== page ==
Key Discussion Points:
    a) Today we speak with two citizen activists on current legislative proceedings aimed at relaxing state environmental standards to allow metallic mining in Maine.
    b) This week the Maine legislature’s joint committee on Environment and Natural Resources has been in work sessions, reconfiguring a new bill based closely on rule changes proposed by JD Irving, the company seeking to mine Bald Mountain in Aroostook County. In this session, the ENR Committee has reviewed mining bills LD 146 and LD 750. The current bill retains the number LD 750, but no longer contains the stringent environmental and financial stipulations of it’s original sponsor, Rep. Ralph Chapman.
    c) A public hearing on the new LD 750 will be held on May 11th, 9:00 am at the Augusta State House Cross Building, Room 216.

    Guests:
    Lew Kingsbury, environmental activist
    Dennis Chinoy, activist, volunteer Power In Community Alliances (PICA)

    www.pica.ws
    www.maineminingwatch.org
    www.nrcm.org
    bangordailynews.com/2015/02/22/opinion/contributors/mining-is-on-augustas-agenda-public-hearing-reality-tv-or-charades/

    1 Comment
  • Producer/Host: Meredith DeFrancesco

    Issue: Environmental and Social Justice

    Program Topic: Penobscot Chief Francis responds to Governor LePage’s Reversal of Order Promoting Cooperation with Tribes

    Key Discussion Points:
    a) Today we speak again with Penobscot Nation Chief Kirk Francis.This weekend, Governor Lepage’s office sent an email to Wabanaki Tribal leaders announcing a new executive order, signed April 16th, that rescinds the Governor’s 2011 order promoting cooperation and coordination between the Stat and the Wabanaki Tribes within Maine. (copy of executive order: www.pressherald.com/2015/04/21/lepage-rescinds-order-promoting-state-cooperation-with-indian-tribes/document/2/).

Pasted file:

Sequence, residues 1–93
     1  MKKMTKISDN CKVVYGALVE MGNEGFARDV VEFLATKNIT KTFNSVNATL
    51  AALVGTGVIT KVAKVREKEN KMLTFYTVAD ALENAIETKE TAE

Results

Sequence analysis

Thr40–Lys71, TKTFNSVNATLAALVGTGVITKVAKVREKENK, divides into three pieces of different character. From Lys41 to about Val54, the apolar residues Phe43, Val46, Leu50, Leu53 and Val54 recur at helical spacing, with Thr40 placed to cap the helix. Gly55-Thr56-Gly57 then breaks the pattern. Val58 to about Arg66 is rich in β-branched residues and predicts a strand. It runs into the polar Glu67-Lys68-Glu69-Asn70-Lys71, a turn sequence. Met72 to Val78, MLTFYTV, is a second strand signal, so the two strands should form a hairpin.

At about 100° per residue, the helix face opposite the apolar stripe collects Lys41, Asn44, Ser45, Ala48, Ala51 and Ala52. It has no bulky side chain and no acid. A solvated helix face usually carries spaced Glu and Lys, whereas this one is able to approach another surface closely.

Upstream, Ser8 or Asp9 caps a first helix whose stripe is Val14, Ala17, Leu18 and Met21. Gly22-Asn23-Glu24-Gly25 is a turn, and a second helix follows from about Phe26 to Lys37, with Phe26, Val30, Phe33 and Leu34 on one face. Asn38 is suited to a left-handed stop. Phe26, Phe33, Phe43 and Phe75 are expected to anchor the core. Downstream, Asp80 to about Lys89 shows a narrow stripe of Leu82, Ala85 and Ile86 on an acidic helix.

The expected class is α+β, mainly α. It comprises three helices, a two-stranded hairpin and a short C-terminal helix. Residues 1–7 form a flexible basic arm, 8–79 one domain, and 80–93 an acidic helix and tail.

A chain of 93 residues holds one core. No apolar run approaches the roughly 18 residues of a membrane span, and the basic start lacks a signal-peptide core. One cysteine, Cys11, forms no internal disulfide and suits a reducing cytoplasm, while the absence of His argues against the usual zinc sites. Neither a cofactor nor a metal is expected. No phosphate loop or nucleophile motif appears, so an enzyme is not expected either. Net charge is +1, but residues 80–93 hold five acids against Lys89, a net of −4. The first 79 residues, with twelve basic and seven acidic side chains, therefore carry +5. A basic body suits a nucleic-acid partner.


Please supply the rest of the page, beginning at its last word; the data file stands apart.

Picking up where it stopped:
b) Despite the original executive order, which included directing state agencies to reach out to the Tribes on issues effecting them, Chief Francis outlines numerous instances, during the LePage administration, in which they have not felt state cooperation. This includes elver fishing and tribal saltwater fisheries rights, protective water quality standards in sustenance fishing waters, fishing monitoring jurisdiction in sustenance fishing waters in the Penobscot River, and rights under the federal Violence Against Women Act (VOWA).
    c) We also speak with the Peace and justice Center of Eastern Maine about their 21st annual Hope Festival, taking place this Saturday in Orono.

    Guests:
    Chief Kirk Francis, Penobscot Nation, penobscotnation.org
    Amy Hughes, Peace and justice Center of Eastern Maine, peacectr.org/wp/hope_2015/schedule-of-events/

    www.pressherald.com/2015/04/21/lepage-rescinds-order-promoting-state-cooperation-with-indian-tribes/

    No Comments
  • Producer/Host: Meredith DeFrancesco

    Issue: Environmental and Social Justice

    Program Topic: Generation Climate Rising Rally in Augusta

    Key Discussion Points:
    a) This past Saturday, April 11th, Maine Students for Climate Justice held a rally and march in Augusta, calling it Generation Climate Rising. Students from colleges, universities and high schools from across state, and supporters, called on Governor LePage to put a freeze on all new fossil fuel infrastructure and to support measures to bring more solar and conservation to the state.
    b) Speakers and participants spoke on climate justice, the need for Maine’s government to take climate change seriously, the already changing environment and the need for immediate action.
    c) This year’s Maine Youth Activism Gathering will be held Saturday April 18th -Monday April 20th, three days of workshops and community building.
    maineyag.wordpress.com/
    www.facebook.com/pages/Maine-Youth-Activism-Gathering/199809673382110

    Guests:
    A) Organizers with Maine Students for Climate Justice : Meaghan LaSala (USM), Maddie Lamal-Brown (Bowdoin), Matthew Miles Goodrich (Bowdoin), Iris SanGiovanni (USM), Catherine Fletcher (UMO), Michelle Fournier (350 Maine)
    mainestudentjustice.wix.com/mainestudents#!about_us/c14e3
    www.facebook.com/MaineClimateJustice
    www.centralmaine.com/2015/04/09/generation-climate-rising-demonstration-in-augusta/
    B) student participants from universities, colleges and high schools across the state
    C) Christine, Pine Tree Youth Organizing, ptyo.org/

    No Comments
  • Producer/Host: Meredith DeFrancesco

    Issue: Environmental and Social Justice

    Program Topic: Generation Climate Rising, with Maine Students for Climate Justice